16 August 2013

An Un-Birthday for the Un-Conceived: Thoughts on my Vasectomy Five Years Later

Today, August 16th, 2013 marks the five year anniversary of the day I was voluntarily vasectomized. I had planned to have a party, inviting friends out for a night of carousing so we could take pictures so that I could post them triumphantly and vindictively on FaceBook as a way of "getting back" at all the people I know who incessantly post banal updates about the quirky thing their special little unique child did this minute or the next. I should make it clear that I had not fathered any children before the vasecomy. Some people have a kid or two and then 'snip'. Not me, I struck preemptively.

You see, I have a thing about children. Well, not children really, but reproduction. Not the act of coitus either, sex is fine by me, but the result, really the whole modern social context for human procreation and the way we treat it. My little 5-y.o. vasectomy un-birthday party was going to be a cheap, immature way to talk-back (probably more like yell-back) to a culture of inconsequential breeding.

"Inconsequential, why you presumptuous, inconsiderate bastard!" you might be saying, "There are lots of consequences to having children! No free time, expensive, smelly..." etc. etc. And I would nod my head and you would feel righteously indignant, but we've all heard that stuff in school, probably no later than junior high as a way of trying to get us not to have kids (yet). (I realize that some people may not have heard this before whelping, but there is no lack of reminders in the real world. To disavow all foreknowledge of the repercussions is willful ignorance and probably a lie.*) This was a choice you made, choices have consequences and anyway, all of those problems are entirely narcissistic, focused on the negative consequences to YOU. (Which makes your concomitant parading of shitty child-art, bad baby photography and incessant cooing and prattling even more offensive.) Let's remember that children don't appear magically as if brought by a stork. The entire concept of the "accident" child is merely a social avoidance strategy. Sex, as fun and spontaneous as it may sometimes be isn't really a 'mystery' anymore, and a veritable smorgasbord of contraceptive methods are available (lets hope they stay that way) so if you get pregnant (and this is not an attack on women, I'm referring to men as well, if not more) it's not a fucking miracle. Not to mention that it takes nine months (did you forget?) before the child is born. Nine months when alternate choices still present themselves. I'm not advocating for abortion or infanticide, merely pointing out that complaining about the 'problems and consequences' of childbearing is more than a bit specious.

It might be assumed then that I, as a young man (I was 28 at the time) chose to get sterilized because I didn't want to take the 'responsibility' of being a parent. But this takes as a given that it is some kind of moral obligation to reproduce and that people who don't are 'irresponsible,' immature and possibly even socially negligent. Until we have children of our own, you seem to be implying, in order to be accepted into 'responsible', mature, mainstream society, I must have a child. To not doso it would follow, is selfish. We may have constructed parenting as a moral obligation (a construct with which I agree), but objectively it is a natural imperative, a biological one practiced by a vast number of animal species. (Are male dogs "immoral" because they don't stick around? Do we call frogs out on their lack of ethics for abandoning their offspring at birth?)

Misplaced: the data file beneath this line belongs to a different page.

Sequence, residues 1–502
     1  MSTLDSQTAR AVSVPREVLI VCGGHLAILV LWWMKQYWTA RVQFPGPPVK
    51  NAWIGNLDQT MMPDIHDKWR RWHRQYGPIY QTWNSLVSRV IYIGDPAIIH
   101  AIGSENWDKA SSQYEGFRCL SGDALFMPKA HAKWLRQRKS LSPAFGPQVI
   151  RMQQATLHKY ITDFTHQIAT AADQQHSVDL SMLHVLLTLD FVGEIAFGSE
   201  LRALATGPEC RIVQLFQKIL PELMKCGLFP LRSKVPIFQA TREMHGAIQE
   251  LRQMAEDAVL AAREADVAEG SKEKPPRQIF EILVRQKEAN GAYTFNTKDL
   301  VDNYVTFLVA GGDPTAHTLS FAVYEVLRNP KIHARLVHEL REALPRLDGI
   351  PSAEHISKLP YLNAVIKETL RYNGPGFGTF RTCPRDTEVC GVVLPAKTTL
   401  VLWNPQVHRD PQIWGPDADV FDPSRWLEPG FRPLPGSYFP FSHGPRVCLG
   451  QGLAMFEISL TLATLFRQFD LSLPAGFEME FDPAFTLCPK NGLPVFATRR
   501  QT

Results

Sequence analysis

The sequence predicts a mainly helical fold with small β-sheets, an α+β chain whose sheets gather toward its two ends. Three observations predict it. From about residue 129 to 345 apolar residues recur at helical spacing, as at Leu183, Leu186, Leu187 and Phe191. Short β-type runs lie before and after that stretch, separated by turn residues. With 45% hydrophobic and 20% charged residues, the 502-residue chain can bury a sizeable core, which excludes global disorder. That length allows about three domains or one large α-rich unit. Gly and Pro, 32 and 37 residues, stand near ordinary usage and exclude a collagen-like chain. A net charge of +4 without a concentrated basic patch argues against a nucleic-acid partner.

Nor does my vasectomy indicate that I want to remain unfettered by the moral obligation to care for someone else. I'm at least as narcissistic as the average person, but this was not a rash decision based on a desire to sleep around. First of all, even for a sterile person there are consequences for sex. This list of viral, bacterial, protozoal, parasitic and fungal consequences does not care if you're shooting blanks. Furthermore, although I haven't personally experienced it, I know that a significant number of women will not get involved with sterile men whether bilogical or surgical. There is a distinct social stigma against sterility as evidenced by the exhausting list of virility pharmaceuticals out there. Plus, potency (or lack thereof) socially, culturally 'says something' about your masculinity. As if that weren't bad enough, the pressure on women to get pregnant and reproduce is even greater, thus the social stigma against childlessness, voluntary or otherwise is even worse for them. Much homophobia too, stems from this aversion to non-reproducing members of society. But, although reproduction inheres responsibility, it does not imply social value.

And finally, most compellingly for me and the reason I cited at Dr. Snip's office is that there are already too many people on an already overtaxed and decimated planet. Already too many kids who need parents and don't have 'em. I feel that it would be an act of profound social irresponsibility, of selfishness to reproduce because I can, or want to continue my genetic legacy, or am in love. The environmental and economic ramifications of a single USAmerican child  over the next 80+ years is alone enough to make my head swim. Each one of us (on average) in this country consumes more energy and resources than anywhere else in the world. And this privilege of place comes at the end of a gun, a long historical, cultural gun made of racism, sexism, homophobia, bigotry and colonialism. As an inheritor of that insidious legacy I feel that it is my moral responsibility to push back against the notion that 'because I have the anatomical ability to fuck and cum, and/or the economic capacity to support a child that I have some sort of "right" to reproduce.' These 'rights' are not objective things that exist outside of our minds.The consequences to other people of our actions right now are. Wars for oil and water, for food and shelter are real things that harm real people right now and into the future. If I have the supposed responsibility to contribute and and sustain human society by , doesn't the negative also apply? Isn't declining to further overburden an already catastrophically imbalanced, unjust and destructive system more socially responsible, more committed to the cintinuance of human society?